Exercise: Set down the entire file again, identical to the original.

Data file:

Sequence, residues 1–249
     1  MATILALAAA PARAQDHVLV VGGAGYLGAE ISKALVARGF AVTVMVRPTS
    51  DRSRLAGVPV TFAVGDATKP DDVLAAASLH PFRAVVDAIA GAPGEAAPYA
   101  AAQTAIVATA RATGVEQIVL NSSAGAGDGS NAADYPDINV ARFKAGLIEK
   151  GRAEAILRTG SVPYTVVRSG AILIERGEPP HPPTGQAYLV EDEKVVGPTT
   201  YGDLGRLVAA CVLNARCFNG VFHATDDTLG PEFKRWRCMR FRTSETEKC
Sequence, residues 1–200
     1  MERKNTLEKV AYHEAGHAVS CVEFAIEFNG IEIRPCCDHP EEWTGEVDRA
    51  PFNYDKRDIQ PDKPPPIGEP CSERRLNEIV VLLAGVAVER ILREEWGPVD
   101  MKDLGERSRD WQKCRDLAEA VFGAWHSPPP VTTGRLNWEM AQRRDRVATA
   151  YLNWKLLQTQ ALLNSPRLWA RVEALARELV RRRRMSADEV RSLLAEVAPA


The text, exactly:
Sequence, residues 1–249
     1  MATILALAAA PARAQDHVLV VGGAGYLGAE ISKALVARGF AVTVMVRPTS
    51  DRSRLAGVPV TFAVGDATKP DDVLAAASLH PFRAVVDAIA GAPGEAAPYA
   101  AAQTAIVATA RATGVEQIVL NSSAGAGDGS NAADYPDINV ARFKAGLIEK
   151  GRAEAILRTG SVPYTVVRSG AILIERGEPP HPPTGQAYLV EDEKVVGPTT
   201  YGDLGRLVAA CVLNARCFNG VFHATDDTLG PEFKRWRCMR FRTSETEKC
Sequence, residues 1–200
     1  MERKNTLEKV AYHEAGHAVS CVEFAIEFNG IEIRPCCDHP EEWTGEVDRA
    51  PFNYDKRDIQ PDKPPPIGEP CSERRLNEIV VLLAGVAVER ILREEWGPVD
   101  MKDLGERSRD WQKCRDLAEA VFGAWHSPPP VTTGRLNWEM AQRRDRVATA
   151  YLNWKLLQTQ ALLNSPRLWA RVEALARELV RRRRMSADEV RSLLAEVAPA